Cryptocurrency hackers were busy during 2018, and it wasn’t launching ransomware attacks at companies and individuals around the globe.
With the price of digital tokens declining throughout 2018, hackers set their sights on a better payload: crypto mining malware.
According to McAfee, the Santa Clara, California-based cybersecurity company, coin mining malware increased 4,000%. In the fourth quarter of 2017 there was 500,000 new coin miner malware and by the end of the third quarter of this year, it jumped to 4 million. “Mining cryptocurrency via malware is one of the big stories of 2018,” McAfee said in its McAfee Labs Threats Report.
Crypto mining scams occur when a hacker accesses someone’s computer without their permission to mine for digital tokens. Hackers will infiltrate a computer by tricking a person into clicking on a malicious link in an email or they will infect a website to gain access. McAfee highlighted in the report one incident discovered by security researcher Remco Verhoef in which crypto mining malware was distributed in crypto mining chat groups. Users in Slack, Telegram, and Discord were urged to click on the link and download what was purportedly a fix for crypto issues. Once downloaded, the fake line of code infected the user’s device. “Cryptominers will take advantage of any reliable scenario,” said McAfee.
Symantec Sees Rise In Cryptojaking
McAfee isn’t the only one seeing crypto mining scams. According to cyber security company Symantec in December the activity appeared to peek with the security software company blocking 8 million cryptojaking events. As of July of this year, Symantec said it has blocked 5 million cryptojaking events.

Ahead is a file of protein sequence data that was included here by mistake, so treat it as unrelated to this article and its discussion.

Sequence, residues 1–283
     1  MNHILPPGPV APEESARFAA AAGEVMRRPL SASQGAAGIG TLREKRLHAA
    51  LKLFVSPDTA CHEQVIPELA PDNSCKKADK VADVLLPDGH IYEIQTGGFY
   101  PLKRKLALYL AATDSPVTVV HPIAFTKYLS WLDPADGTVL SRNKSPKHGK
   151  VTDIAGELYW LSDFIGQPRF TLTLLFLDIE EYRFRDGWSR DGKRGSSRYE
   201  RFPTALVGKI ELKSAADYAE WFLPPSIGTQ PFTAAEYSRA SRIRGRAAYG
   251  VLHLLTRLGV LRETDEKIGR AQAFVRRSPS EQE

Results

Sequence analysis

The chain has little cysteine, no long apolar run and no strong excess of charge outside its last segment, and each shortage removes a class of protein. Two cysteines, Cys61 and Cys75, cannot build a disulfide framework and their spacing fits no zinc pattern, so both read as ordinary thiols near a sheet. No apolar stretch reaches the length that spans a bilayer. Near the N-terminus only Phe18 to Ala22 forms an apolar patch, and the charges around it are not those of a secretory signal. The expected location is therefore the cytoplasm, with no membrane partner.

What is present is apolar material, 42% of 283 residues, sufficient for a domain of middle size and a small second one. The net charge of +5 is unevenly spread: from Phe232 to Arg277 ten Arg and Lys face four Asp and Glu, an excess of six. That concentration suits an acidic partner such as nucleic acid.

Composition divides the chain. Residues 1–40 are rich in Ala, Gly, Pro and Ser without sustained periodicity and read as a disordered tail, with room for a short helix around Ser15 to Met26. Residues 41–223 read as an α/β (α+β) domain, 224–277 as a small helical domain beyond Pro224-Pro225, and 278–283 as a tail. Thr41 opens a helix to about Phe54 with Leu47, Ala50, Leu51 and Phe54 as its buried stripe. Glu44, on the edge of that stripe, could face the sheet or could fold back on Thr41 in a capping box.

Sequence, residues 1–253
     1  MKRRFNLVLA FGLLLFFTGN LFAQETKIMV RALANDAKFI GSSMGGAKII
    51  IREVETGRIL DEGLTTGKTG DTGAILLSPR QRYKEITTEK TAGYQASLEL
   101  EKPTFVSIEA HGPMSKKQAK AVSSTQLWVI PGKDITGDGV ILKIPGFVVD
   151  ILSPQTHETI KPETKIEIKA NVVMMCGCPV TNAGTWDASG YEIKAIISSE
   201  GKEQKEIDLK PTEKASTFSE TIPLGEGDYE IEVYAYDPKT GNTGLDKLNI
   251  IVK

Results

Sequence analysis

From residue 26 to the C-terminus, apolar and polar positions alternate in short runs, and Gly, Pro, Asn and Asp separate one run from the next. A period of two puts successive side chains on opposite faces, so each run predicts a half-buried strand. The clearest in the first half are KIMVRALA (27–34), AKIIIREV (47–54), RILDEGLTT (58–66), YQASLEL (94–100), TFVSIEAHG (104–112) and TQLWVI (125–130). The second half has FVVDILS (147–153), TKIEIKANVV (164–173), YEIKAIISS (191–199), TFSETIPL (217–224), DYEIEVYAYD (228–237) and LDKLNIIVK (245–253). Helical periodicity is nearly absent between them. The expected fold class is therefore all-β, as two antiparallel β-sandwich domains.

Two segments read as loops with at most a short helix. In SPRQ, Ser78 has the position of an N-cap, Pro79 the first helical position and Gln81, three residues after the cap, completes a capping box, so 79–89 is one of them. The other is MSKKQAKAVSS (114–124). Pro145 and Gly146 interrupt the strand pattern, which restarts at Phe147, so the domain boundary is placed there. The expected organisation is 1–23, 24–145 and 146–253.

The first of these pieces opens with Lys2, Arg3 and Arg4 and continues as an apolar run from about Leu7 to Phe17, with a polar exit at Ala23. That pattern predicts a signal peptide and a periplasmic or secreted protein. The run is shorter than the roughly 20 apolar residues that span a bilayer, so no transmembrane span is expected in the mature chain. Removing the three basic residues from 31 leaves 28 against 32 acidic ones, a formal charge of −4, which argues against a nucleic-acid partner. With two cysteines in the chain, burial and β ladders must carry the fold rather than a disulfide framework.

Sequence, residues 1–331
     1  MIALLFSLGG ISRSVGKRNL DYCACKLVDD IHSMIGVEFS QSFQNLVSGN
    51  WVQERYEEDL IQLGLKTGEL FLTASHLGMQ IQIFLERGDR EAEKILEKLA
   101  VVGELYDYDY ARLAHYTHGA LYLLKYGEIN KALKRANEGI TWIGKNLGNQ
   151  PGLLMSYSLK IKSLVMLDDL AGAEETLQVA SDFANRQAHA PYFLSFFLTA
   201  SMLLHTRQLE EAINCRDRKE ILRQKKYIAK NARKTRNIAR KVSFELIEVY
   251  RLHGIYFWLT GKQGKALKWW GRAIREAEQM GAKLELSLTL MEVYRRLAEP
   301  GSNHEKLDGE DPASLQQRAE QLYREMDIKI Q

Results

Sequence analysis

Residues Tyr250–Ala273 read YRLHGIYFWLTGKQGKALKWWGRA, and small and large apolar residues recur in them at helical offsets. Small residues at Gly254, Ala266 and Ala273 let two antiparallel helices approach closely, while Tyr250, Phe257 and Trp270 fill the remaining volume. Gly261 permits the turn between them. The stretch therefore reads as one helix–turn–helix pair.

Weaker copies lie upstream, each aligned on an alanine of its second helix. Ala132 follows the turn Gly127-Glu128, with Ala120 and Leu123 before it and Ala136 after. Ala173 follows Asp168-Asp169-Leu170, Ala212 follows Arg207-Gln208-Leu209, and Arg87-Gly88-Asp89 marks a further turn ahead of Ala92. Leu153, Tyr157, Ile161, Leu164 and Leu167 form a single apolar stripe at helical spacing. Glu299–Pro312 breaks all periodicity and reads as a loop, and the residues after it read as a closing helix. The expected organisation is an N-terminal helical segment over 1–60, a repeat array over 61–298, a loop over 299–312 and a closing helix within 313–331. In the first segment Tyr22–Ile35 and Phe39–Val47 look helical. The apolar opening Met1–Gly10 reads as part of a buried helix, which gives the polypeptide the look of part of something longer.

The impact on users is typically a slowdown in the device, batteries that overheat, increased energy consumption and in some cases the computer is rendered useless. Sure they may only make ten cents off of one computer, but it’s on a recurring basis and add hundreds or thousands of computers to the mix and it suddenly becomes attractive to the hackers.
While targeting computers will yield hackers the best results, McAfee found that during the year, some scammers took advantage of internet connected devices that weren’t patched. It highlighted an incident in which MikroTik routers were compromised and acted as digital token miners. The hackers targeted unpatched devices in North America and Brazil, McAfee reported.
“We would not usually think of using routers or IoT devices such as IP cameras or video recorders as crypto miners because their CPUs are not as powerful as those in desktop and laptop computers,” wrote McAfee. “However, due to the lack of proper security controls, cybercriminals can benefit from volume over CPU speed. If they can control thousands of devices that mine for a long time, they can still make money.” The idea behind targeting IoT devices is that the hackers can easily create a “mining supercomputer,” said McAfee noting that malware targeted at IoT devices jumped 72% in the third quarter. Total malware grew 203% in the past four quarters, the security firm noted.
Crypto Mining Malware Displaces Ransomware
The rise of crypto mining malware this year has displaced ransomware which was a huge story in 2017 as bitcoin and other digital token prices plummeted. With hackers no longer making money off of holding individuals and companies data ransom they searched for new ways to earn a living. Crypto mining malware is attractive because it can go undetected for a very long time but takes longer to make money off the scam. A ransomware attack can yield a hacker more money in less time but the victim will become aware very soon and could balk at paying.
“Although we have seen a decline in the number of unique families during recent months, ransomware remained active in Q3,” wrote McAfee. “The decline in new families may be due to many ransomware actors switching to a more lucrative business model: crypto mining.”